Gervasio Sánchez: «It is not the same to be a woman as a man in a war»

“It is not the same to be a woman as a man in a war,” says photojournalist Gervasio Sánchez. “In an armed conflict there is very specific violence against women,” he adds. Sánchez knows this very well, first-hand, because he has lived closely, on the ground, part of the tragedies that the world has suffered in the last four decades, always with his camera and notebook in tow.

Author of several books and laureate of the most prestigious awards in journalism, Sánchez now presents, coinciding with the International Day for the Elimination of Violence against Women, the work Violence, Women, Wars, a volume with 90 impressive photographs of women and girls who are victims of wars, military dictatorships and humanitarian crises. The first photograph dates from 1984, and is made in Guatemala, while the most recent ones reflect the rescue of refugees in the central Mediterranean.

Haurin Khader, 15, is healed of his wounds at the Erbil hospital in Iraqi Kurdistan. He had tried to commit suicide like a bonze to stop a marriage of convenience. Gervasio Sanchez

Edited with the help of the Aragonese Institute for Women, the author takes us to 25 conflicts: nine Africans, seven Latin Americans, five Asians and four Europeans. Women and girls raped, mutilated by the explosion of bombs or mines, victims of diseases typical of extreme poverty or displaced persons or war refugees. There is also no shortage of mothers who have spent decades searching for their missing husbands or children and “who end up looking for so much end up forgetting their own lives,” says the photojournalist.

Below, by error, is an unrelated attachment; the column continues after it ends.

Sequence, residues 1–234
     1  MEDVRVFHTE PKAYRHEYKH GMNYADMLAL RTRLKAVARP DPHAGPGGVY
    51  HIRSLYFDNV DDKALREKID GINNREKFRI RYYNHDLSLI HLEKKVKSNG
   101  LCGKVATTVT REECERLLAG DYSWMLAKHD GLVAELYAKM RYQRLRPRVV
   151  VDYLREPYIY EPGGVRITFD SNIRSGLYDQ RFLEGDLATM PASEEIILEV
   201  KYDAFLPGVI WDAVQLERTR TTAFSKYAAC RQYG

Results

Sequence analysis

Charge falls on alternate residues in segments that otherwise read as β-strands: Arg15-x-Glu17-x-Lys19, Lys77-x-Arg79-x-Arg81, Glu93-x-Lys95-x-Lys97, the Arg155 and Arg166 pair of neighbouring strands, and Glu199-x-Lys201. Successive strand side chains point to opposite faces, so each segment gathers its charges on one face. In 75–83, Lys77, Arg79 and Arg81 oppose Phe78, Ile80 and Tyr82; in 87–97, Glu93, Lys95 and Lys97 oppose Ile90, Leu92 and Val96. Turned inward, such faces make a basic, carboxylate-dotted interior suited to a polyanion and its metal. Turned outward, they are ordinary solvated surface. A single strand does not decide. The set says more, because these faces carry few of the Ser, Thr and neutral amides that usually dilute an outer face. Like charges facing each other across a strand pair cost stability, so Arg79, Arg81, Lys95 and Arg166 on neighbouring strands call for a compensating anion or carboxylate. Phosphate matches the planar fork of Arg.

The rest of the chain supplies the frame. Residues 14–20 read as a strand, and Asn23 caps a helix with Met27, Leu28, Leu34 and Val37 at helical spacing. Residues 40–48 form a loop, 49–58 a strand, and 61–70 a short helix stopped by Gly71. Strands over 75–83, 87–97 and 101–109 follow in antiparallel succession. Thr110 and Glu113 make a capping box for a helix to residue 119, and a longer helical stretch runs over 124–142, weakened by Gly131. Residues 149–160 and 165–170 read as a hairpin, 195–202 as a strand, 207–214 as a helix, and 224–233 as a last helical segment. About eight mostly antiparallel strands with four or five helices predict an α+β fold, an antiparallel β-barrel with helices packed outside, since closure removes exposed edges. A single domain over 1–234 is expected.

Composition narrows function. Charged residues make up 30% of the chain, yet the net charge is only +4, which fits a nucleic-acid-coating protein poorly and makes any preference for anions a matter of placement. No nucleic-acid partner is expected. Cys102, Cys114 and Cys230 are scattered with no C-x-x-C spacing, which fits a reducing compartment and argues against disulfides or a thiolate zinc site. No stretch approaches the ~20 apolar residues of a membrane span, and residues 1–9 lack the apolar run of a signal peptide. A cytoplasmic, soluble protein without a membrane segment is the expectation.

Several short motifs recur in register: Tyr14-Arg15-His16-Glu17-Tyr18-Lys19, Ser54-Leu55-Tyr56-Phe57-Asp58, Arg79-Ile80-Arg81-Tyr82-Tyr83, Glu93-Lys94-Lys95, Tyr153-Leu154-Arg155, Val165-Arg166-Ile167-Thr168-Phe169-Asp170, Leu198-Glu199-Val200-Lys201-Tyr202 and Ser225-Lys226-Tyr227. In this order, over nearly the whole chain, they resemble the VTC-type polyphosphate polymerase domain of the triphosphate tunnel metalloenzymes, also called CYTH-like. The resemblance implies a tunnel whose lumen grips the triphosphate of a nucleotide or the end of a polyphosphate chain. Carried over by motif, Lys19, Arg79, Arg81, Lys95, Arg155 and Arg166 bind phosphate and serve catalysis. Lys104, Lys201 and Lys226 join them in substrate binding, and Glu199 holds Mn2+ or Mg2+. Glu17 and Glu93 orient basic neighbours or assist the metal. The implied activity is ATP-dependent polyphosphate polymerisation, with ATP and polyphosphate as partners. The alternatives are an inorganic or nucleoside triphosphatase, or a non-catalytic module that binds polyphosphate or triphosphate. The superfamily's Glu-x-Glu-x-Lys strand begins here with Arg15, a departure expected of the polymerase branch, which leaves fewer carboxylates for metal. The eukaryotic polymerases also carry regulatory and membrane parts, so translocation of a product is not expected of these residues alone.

«It has been a very laborious and selective work. I have had to choose from more than 500 photographs ». Each of the images – many of them in portrait format, where the protagonists appear looking at the camera – is accompanied by a text that brings the reader even closer to the tragedy experienced by the protagonists. “I like to personalize the stories, give first and last names to the people I photograph, contextualize the images,” says the author. “The media usually talk about numbers of victims, and the more zeros that figure has, the more relevance it gives to the information. But behind that number there are people with names and surnames, who have a story behind.

Mariatu Kamara, 15, had both of her hands amputated during the Sierra Leone war in 1999. Gervasio Sanchez

Sánchez regrets the “superficial” monitoring that the media makes on armed conflicts. “Afghanistan recently became fashionable, with the Taliban seizing power. And they all seemed to know the country and the conflict very well. These experts, many of whom have not even been in the country, have not stopped talking about the tragedy suffered by Afghan women, “he explains. “They seem to have forgotten that Afghanistan has been at war for 42 years, since the Soviet invasion, and that Afghan women have always been victims,” ​​she says. Wars do not end when weapons are silent.

Crimes against humanity

It also emphasizes the passivity of the international community in the face of all kinds of abuses suffered by women in situations of extreme violence. Since 2010, the UN has required the prosecution of those responsible for rape and other forms of sexual violence in conflict zones, acts that constitute crimes against humanity. “It was only a decade since this resolution was adopted, when it has been a common practice throughout history,” recalls the photojournalist.

“When everything falls apart and the bridges of coexistence are cracked, the insatiable thirst for violence of the human being appears”, writes the author in the prologue entitled “Get my body out of war”: Specific violence against women, commonly used as weapon of war, is part of the great tragedy. This book helps not to forget it.


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